For nothing more than an arbitrary statistic, as of Fridays close gold prices in US dollars are already up 2.3% on the year. That follows an approximately 4.5% gain in the month of December. The market technicians will remark of the strengthening seasonality picture this time of year also. Gold in January has averaged 3.4% gains over the past 10 years and for the last 5 years has gained every January between 3-8%. Examining fundamentals, several major market moving headlines over the past month can be turned into a bullish story for gold.
The gold market has momentum. The market moving forces of a weak USD dollar and the positive global growth story resulting from the anticipation of the US and China inking a Phase 1 trade deal has ensued a risk on trade. Additionally, events at the end of last week adding to heightened tensions between the United States and Iran have renewed gold’s geo-political safe-haven bid. It also can’t be forgotten that a strong base for the precious metals was provided by the theme of central bank easing in 2019 where we witnessed a 10 year high in terms of the percentage of central banks cutting interest rates.
Looking at the central bank picture, minutes out of the latest FOMC meeting released last week also revealed a heightened level of caution. Officials at the US Fed seemed focused on risks to the US and global economy. Current discussion is whether heading into another election cycle there is the possibility for a rate cut from the Fed. Nonetheless, a consensus seems to be building that the Fed would opt to let inflation run a little higher before being quick to raise interest rates.
In a gold market like this, where every headline seems to appear bullish, it might be wise to exercise some caution. A pull back following a geopolitical (war-type) spike should not be a surprise as investors can sometimes be a little overzealous or too cautious entering the safe-haven hedge. There seem as many historical examples of where a geopolitical induced rally has been short-lived verses being sustained. Ultimately it seems the dollar should be the area of focus right now with the Bloomberg US dollar index down 2% in December for its biggest monthly decline of the past 2 years. This potentially could be a headwind to gold.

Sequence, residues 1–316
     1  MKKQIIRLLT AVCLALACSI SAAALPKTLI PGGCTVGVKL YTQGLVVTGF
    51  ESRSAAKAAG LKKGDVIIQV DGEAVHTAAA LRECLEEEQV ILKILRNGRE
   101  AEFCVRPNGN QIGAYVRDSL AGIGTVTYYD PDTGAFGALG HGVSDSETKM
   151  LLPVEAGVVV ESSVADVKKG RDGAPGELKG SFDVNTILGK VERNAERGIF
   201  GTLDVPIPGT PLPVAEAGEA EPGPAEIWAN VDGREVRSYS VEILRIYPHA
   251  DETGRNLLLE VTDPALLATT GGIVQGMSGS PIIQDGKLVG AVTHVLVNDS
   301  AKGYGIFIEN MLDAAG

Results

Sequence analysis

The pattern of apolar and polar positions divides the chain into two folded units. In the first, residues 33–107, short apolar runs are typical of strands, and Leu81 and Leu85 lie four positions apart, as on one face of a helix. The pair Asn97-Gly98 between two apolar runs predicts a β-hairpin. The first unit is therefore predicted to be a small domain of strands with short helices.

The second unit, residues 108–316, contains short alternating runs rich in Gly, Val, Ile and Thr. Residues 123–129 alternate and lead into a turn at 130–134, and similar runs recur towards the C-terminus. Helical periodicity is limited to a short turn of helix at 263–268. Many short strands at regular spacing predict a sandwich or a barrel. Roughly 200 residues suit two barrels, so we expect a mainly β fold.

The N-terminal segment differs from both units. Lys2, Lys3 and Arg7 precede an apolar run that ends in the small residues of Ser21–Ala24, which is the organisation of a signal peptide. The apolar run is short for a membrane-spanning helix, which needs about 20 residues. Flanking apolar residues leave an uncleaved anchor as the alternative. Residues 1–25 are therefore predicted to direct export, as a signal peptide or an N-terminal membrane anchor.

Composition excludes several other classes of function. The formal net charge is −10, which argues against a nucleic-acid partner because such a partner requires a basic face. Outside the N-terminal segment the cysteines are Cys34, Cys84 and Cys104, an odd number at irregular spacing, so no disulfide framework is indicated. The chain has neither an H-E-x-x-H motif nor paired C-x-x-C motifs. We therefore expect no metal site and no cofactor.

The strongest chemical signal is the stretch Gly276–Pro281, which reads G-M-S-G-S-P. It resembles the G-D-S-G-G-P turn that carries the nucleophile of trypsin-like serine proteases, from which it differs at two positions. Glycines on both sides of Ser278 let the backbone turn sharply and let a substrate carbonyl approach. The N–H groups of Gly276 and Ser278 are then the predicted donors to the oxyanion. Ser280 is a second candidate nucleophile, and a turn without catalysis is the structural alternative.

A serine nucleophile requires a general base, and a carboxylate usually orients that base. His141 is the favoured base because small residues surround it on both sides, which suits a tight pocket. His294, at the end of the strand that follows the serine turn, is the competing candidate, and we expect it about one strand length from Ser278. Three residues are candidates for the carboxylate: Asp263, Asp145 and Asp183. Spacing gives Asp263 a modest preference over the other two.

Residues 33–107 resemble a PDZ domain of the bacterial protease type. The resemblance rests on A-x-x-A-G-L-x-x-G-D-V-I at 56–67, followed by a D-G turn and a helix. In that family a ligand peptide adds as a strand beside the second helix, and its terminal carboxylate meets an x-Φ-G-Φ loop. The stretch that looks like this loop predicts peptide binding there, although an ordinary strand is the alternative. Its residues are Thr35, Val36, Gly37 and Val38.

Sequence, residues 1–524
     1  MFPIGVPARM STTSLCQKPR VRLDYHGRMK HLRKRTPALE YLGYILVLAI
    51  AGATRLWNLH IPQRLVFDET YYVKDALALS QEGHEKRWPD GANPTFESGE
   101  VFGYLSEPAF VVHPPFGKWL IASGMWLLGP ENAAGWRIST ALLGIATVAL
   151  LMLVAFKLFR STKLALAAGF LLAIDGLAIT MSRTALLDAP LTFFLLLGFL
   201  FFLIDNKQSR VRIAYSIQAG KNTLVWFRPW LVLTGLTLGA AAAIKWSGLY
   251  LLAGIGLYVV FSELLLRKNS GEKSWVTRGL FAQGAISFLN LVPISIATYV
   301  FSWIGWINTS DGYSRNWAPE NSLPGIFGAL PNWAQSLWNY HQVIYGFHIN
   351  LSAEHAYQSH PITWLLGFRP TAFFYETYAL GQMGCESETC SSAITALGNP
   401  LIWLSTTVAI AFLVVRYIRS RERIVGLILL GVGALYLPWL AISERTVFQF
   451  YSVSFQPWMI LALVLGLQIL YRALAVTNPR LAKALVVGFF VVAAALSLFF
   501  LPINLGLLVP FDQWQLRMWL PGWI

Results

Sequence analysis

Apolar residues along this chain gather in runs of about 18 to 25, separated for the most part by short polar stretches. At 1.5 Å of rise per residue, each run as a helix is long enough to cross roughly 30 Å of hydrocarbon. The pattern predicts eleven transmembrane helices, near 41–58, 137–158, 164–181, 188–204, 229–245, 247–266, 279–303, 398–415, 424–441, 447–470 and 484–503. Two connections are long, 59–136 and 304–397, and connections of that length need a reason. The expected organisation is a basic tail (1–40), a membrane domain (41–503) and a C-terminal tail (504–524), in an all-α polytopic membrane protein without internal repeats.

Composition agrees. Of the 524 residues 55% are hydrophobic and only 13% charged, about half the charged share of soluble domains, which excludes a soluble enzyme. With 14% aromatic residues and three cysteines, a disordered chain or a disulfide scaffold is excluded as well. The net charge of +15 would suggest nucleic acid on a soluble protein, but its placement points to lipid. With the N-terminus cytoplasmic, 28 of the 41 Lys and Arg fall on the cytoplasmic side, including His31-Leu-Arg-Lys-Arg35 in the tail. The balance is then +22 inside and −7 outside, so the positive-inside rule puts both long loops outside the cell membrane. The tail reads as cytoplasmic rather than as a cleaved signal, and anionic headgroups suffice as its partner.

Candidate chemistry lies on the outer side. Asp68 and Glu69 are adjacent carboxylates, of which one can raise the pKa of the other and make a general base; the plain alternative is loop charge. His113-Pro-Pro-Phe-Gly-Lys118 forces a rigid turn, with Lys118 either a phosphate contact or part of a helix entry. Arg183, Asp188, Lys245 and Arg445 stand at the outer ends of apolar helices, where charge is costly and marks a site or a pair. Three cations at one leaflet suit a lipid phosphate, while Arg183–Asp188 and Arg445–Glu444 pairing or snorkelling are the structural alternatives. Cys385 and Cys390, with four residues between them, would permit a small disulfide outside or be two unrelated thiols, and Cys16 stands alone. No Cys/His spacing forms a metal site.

Still, as the vulnerability of the risk assets showed back in July/Aug when the S&P500 fell 5% in a couple days, gold and the USD can trade higher together, which I think is possible when the next negative trade development comes. In addition to this, with equity markets trading at record highs following a banner year, the higher gold prices with the higher equity markets is exhibiting this degree of caution in the markets.
With a quick note to the physical market, the retail reaction to the events Thursday evening was a heightened level of buying/selling from customers as they continue to be ever more price conscious and reactive to large market movements. This isn’t necessarily an anomalous phenomenon as increased volatility traditionally sees higher volume in financial markets. On the one hand we’re back at our record 52 week high in USD and within 2.4% of record highs in Canadian dollars, so clients are both happy to be selling near record highs, but also buyers looking for diversification are active as we continue near record prices.